Over the past 6 years, Pastor Kariuki’s message has begun to resonate with the people in Waithaka. CFA has been a big part of their reaching out to the HIV community. Zachary goes on home visits with our center staff to make sure that he is personally serving and encouraging the people in the community. He comes to some of CARE for AIDS’ empowerment seminars and even joined our June Impact Trip team in preparing and eating dinner at one of our client’s homes. His church now has over 250 members who are excited about the vision of CARE for AIDS and including the HIV community. They know that as a global church we are one body with many different parts. 

Floor Lamps

July 7, 2016

When my husband is out of town I like to redecorate our house. In the four years we have been married he has come to expect this- any time he is out of town for work or grad school it's a pretty sure bet that he will come home to a rearranged living room. This month- he was out of town for two weeks and when he came home I had changed up the curtains in the guest bedroom and moved most of the furniture in our kitchen to another room. At the end of my rearranging frenzy, there was one floor lamp that no longer had a place, so I put it in the middle of our bedroom floor. At first I thought this would remind me to donate it or put it in the basement for storage, but as the days passed I got really good at working around the lamp and eventually ignoring its presence.

I spent two weeks with this lamp laying in the middle of the bedroom floor, walking around it to do laundry, jumping over it to get to the closet- and the longer I procrastinated getting rid of it, the more it became part of the scenery and the less it bothered me.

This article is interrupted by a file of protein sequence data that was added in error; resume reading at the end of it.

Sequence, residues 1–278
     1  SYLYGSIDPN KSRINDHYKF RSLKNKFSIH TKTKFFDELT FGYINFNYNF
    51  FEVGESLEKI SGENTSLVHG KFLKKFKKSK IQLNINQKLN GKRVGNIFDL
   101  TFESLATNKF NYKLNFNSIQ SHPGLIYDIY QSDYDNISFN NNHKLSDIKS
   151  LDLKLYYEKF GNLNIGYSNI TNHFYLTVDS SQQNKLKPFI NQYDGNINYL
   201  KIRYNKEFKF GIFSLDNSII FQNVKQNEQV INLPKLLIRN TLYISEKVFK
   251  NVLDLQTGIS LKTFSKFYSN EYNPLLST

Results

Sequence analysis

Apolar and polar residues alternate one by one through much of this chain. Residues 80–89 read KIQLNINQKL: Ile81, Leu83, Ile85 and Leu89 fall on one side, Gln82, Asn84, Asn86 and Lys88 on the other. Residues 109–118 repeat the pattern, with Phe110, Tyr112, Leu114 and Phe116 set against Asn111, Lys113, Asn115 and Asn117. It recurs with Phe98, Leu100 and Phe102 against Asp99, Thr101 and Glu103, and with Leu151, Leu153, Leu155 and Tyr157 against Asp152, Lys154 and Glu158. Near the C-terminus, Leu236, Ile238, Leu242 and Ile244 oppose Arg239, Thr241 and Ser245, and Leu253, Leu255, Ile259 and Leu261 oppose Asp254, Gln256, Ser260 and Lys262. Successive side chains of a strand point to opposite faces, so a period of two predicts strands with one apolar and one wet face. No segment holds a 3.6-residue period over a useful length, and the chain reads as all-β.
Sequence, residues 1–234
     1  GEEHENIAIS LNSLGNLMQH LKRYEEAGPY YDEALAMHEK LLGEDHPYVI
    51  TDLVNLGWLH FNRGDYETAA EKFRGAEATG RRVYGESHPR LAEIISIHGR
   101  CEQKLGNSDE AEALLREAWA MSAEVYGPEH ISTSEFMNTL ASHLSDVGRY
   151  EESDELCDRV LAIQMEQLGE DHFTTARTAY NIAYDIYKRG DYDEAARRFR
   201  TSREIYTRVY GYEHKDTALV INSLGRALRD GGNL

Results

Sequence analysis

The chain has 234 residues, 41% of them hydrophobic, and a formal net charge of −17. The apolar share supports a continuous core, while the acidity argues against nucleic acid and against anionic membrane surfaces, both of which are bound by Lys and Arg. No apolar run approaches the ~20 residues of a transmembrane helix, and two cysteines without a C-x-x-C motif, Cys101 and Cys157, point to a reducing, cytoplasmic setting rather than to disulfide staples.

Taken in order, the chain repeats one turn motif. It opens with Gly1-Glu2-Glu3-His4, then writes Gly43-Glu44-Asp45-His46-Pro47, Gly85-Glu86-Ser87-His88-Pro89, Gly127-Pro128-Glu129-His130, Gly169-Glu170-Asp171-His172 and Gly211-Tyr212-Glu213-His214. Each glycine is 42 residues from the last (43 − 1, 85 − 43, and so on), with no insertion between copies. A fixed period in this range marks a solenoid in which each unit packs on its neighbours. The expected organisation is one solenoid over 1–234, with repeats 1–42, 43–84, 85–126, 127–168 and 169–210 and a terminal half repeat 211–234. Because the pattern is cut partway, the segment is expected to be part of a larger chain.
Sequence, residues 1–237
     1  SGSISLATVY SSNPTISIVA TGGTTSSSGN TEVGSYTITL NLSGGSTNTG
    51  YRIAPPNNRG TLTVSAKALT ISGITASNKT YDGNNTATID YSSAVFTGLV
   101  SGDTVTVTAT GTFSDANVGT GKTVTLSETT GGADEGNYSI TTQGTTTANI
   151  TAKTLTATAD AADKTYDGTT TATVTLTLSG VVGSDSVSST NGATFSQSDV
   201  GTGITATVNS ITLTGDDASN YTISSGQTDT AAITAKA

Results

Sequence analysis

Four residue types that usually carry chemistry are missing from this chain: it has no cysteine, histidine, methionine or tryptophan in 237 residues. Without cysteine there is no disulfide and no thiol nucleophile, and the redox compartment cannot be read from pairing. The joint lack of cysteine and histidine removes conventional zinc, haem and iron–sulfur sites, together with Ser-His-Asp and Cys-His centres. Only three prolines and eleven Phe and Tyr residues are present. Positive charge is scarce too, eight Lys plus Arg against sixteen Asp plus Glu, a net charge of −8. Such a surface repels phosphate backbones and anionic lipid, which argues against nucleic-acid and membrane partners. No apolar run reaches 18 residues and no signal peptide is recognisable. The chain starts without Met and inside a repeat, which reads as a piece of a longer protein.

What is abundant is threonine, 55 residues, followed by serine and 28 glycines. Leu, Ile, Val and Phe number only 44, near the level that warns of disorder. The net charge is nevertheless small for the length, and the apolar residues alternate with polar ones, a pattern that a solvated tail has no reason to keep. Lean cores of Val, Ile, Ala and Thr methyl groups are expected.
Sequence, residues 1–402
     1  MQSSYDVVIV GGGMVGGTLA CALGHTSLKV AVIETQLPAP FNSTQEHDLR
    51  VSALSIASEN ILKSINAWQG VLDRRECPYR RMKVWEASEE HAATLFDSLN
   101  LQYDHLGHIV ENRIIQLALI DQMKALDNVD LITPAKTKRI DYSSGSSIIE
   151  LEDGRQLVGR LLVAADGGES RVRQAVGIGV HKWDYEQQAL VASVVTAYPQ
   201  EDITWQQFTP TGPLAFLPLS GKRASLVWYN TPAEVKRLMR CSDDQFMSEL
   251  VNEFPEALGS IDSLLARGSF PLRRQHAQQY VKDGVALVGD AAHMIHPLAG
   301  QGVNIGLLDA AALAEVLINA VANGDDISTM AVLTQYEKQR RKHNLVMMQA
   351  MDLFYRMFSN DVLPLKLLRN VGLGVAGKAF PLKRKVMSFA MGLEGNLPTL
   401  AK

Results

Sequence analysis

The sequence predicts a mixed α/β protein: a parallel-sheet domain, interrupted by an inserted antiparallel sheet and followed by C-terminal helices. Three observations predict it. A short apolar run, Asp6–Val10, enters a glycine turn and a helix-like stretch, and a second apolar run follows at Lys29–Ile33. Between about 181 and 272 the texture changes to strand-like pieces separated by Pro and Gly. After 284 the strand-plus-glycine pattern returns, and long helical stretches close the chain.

Of course, when my husband got home he immediately tripped over the lamp. When asked why there was a lamp in the middle of the floor, I mumbled that I just hadn’t had time to deal with it. Two minutes later he had put the lamp in the basement and the problem was solved.

Lamps are not the only objects I allow myself to get used to. There are plenty of work habits, life habits, and relationship habits that I procrastinate in dealing with, and in my procrastination they become a permanent part of my internal scenery. It often takes an outside perspective to help me problem solve.

People in our work community, faith community, and family are primed to help point out these “internal floor lamps”, and we should each take the time to invite others into our processes (at work, at home, in our marriages), so that we can help each other grow and problem solve as a community.